(AFP (eng) 06/16/17)
Tanzanian weekly, Mawio, has been ordered to suspend publication for two years after pointing the finger at two former presidents in connection with huge revenue losses, the country's interior ministry said Friday. The weekly, regularly critical of the government, was suspended after it published front page pictures of former presidents Jakaya Kikwete (2005-2015) and Benjamin Mkapa (1995-2005) on Thursday, linking them with dubious mining contracts. On Wednesday, President John Magufuli had threatened "severe measures" against any media that suggested Kikwete and Mkapa might be involved in signing contracts that were disadvantage to the state. Justice Minister Palamagamba Kabudi pointed out that the former heads of state enjoyed immunity from prosecution over events occurring during their mandates. Mawio went on to...
(AFP (eng) 06/14/17)
Tanzania has agreed to negotiations with Canadian mining giant Barrick Gold which it accuses of operating illegally and evading taxes, a government statement said Wednesday. Barrick is the majority shareholder in London-listed Acacia Mining which a presidential commission report said this week was not registered to operate in Tanzania and had failed to pay taxes worth billions of dollars. Barrick refuted the allegations. On Wednesday, its executive chairman John Thornton flew to Tanzania to meet with President John Magufuli after news of the allegations caused the company's share price to fall. Barrick "is ready to discuss with the Tanzanian government the reimbursement of money lost by Tanzania as a result of the company's operations in the country," the presidency said...
(AFP (eng) 06/14/17)
Extortion, corruption and fear; violence, hunger and sometimes even death: for west African migrants dreaming of reaching Europe, the road to get there can be an absolute minefield. - Departure - Whether it's The Gambia, Ivory Coast, Senegal or Nigeria, everything starts with the "hustlers" -- slang for the middlemen or fixers who organise the trip. Their honesty and prices vary, with the would-be migrant usually deceived about the welcome expected in Europe. Many possess no official documents from their home country, and do not understand illegal status in Europe. Most are ignorant about the extreme difficulties they will encounter en route. "We didn't know we were risking our lives," said Kante Sekou...
(AFP (eng) 06/14/17)
Maria gave smugglers all her family savings and crossed three countries and the searing Libyan desert, but when she finally boarded a boat for Europe her dream was swiftly shattered. She was 24 and pregnant with her second child when she left Liberia with her husband and their three-year-old son. The family passed through Guinea and Mali before crossing southern Algeria to reach the Libyan desert. "The smugglers took all our money" -- more than $2,150 (2,000 euros), she said. "We spent four days in the desert. People died of thirst and the sun in the back of the truck." They finally arrived on the beach at Sabrata, 70 kilometres (45 miles) west of Libya's capital Tripoli, a key departure...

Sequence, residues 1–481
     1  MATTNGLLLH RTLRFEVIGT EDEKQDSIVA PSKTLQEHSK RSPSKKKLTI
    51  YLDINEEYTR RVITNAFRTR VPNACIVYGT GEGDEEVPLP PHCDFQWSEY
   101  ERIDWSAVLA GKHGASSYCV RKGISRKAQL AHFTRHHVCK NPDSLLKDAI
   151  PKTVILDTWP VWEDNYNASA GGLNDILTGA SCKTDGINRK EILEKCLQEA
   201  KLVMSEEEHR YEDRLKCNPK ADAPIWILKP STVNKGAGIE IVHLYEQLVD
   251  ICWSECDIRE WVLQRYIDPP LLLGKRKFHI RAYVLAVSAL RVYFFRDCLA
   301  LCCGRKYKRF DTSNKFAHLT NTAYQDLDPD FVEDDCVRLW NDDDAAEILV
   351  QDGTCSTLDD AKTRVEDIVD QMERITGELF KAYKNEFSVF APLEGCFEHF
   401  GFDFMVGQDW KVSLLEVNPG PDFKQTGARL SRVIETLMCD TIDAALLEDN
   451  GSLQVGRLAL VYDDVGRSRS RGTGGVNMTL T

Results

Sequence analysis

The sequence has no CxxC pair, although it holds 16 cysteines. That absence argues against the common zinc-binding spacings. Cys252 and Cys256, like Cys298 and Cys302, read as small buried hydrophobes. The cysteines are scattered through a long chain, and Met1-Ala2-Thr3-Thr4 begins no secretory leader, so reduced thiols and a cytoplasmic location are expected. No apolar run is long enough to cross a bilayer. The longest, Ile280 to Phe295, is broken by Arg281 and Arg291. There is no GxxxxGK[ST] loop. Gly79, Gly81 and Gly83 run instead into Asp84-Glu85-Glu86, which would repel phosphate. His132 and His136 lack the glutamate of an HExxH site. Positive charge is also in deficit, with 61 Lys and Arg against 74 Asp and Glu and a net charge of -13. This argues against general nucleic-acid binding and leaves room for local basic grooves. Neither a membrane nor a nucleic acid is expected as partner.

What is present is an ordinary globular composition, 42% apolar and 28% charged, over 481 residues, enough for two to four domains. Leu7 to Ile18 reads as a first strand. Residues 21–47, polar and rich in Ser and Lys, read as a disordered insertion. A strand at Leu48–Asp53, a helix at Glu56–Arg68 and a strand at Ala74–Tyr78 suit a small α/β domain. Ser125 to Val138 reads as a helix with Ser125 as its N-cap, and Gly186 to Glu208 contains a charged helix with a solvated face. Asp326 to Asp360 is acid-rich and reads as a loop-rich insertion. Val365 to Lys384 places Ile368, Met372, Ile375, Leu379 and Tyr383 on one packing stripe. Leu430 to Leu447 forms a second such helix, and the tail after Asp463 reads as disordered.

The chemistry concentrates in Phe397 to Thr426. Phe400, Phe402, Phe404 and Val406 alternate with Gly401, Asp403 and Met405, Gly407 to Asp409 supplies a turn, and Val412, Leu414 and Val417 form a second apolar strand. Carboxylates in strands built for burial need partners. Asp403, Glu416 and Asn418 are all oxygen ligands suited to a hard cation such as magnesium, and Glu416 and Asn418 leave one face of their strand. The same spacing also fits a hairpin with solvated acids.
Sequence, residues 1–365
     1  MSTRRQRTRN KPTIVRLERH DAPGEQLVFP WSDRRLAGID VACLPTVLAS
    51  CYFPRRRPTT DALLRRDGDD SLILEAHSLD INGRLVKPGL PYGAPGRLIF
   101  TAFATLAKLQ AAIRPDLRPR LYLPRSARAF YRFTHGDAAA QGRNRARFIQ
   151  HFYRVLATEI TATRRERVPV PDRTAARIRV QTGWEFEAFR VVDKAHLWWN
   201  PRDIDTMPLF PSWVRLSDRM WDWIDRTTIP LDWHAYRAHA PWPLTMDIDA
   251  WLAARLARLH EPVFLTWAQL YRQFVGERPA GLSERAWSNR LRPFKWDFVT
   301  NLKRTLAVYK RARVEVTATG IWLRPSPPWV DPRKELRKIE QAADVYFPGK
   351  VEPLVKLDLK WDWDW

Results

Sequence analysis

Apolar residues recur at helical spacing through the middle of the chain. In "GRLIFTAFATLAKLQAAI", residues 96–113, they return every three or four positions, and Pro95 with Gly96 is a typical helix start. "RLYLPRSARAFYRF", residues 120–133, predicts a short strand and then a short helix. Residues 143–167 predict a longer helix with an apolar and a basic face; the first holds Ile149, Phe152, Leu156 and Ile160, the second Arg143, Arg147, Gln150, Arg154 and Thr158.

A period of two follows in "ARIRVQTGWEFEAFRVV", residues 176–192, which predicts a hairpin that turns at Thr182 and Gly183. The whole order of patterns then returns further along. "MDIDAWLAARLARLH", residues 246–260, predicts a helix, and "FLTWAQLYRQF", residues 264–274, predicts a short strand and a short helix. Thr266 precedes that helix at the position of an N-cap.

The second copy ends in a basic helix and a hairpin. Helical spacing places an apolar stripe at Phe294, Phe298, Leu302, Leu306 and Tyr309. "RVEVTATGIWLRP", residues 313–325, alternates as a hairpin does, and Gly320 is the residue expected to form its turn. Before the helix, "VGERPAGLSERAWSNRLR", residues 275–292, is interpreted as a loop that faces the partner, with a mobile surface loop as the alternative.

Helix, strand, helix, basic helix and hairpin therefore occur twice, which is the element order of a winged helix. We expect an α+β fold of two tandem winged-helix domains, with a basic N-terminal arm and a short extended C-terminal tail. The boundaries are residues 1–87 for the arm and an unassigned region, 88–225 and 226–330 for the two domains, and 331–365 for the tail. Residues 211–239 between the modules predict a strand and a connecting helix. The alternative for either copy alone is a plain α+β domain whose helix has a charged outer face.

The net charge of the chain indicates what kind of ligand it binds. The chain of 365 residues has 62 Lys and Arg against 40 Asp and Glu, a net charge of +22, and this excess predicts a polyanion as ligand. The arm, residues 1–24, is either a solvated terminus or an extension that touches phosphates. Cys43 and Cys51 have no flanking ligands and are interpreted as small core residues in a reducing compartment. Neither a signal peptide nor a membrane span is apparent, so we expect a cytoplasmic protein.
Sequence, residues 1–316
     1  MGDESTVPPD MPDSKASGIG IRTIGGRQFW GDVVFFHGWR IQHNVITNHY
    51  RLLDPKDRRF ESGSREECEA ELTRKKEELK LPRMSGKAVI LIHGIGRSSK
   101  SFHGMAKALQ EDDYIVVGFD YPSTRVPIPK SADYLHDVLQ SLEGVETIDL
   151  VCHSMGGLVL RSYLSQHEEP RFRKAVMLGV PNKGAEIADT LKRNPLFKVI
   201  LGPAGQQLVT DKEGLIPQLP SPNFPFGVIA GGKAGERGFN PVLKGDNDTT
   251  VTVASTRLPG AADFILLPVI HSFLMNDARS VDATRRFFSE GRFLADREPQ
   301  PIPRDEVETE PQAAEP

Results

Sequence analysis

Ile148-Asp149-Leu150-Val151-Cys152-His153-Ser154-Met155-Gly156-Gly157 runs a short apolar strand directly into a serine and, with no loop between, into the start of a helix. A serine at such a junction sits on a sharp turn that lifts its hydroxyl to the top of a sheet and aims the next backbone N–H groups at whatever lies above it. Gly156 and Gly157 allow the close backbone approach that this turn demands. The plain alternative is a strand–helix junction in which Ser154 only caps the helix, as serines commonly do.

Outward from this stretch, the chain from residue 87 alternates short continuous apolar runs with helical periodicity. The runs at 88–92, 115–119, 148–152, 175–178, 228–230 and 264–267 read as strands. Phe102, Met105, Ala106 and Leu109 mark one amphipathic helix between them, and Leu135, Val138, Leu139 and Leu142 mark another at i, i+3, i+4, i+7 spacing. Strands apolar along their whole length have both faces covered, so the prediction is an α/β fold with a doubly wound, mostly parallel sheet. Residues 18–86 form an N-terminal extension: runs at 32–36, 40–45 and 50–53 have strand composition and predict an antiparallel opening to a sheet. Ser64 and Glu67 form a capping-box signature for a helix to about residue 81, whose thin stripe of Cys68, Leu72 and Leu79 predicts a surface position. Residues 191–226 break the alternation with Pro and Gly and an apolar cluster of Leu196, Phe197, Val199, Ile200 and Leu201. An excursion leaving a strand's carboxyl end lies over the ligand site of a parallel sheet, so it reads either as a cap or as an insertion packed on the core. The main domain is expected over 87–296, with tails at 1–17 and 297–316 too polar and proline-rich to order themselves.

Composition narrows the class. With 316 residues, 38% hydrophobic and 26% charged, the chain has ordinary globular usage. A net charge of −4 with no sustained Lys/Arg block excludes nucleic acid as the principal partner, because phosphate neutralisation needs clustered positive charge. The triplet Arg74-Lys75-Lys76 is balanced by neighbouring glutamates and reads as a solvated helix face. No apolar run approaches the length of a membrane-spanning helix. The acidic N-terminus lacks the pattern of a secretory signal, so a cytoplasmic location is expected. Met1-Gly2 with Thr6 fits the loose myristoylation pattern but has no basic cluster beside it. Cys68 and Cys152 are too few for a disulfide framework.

(AFP (eng) 06/13/17)
Fraud in the mining sector since 1998 has cost Tanzania 75 billion euros ($84 billion), an investigating commission said Monday, blaming foreign companies failing to declare revenues. The conclusions of the study, conducted by Tanzanian economists and legal experts and seen by AFP, were approved by President John Magufuli. The report attributed much of the loss to foreign companies, including mining giant Acacia Mining, also accused of operating for several years in the country without being registered. The London-listed company immediately rejected the claims. Magufuli, referring...
(AFP (eng) 06/13/17)
Uche's real journey had yet to begin but he had already spent four days in the northern Nigerian city of Kano after travelling on public buses and potholed roads from Imo state in the southeast. He planned to go to Agadez, a transit town on the southern edge of the Sahara desert in central Niger, take a truck to Sebha, in southwestern Libya, and from there to the capital Tripoli, and then to Italy or Spain. But his contact, who was supposed to drive him and three women across Nigeria's northern border, was arrested on suspicion of people smuggling. "His house had been under surveillance," explains the 38-year-old electrician in Kano's bustling Sabon Gari district. "The movement of the three...
(AFP (eng) 06/12/17)
German Chancellor Angela Merkel will on Monday meet African leaders in Berlin on initiatives aiming to reduce the poverty and conflict driving a mass migrant influx to Europe. The idea is to team up African nations willing to reform with private investors who would bring business and jobs to a continent where instability or graft often scare off foreign companies. Merkel is hosting the initiative as part of Germany's presidency of the Group of 20 powerful economies, whose leaders meet in the northern port of Hamburg a month later. Invited to Berlin are Egyptian President Abdel Fattah al-Sisi and the leaders of Ghana, Ivory Coast...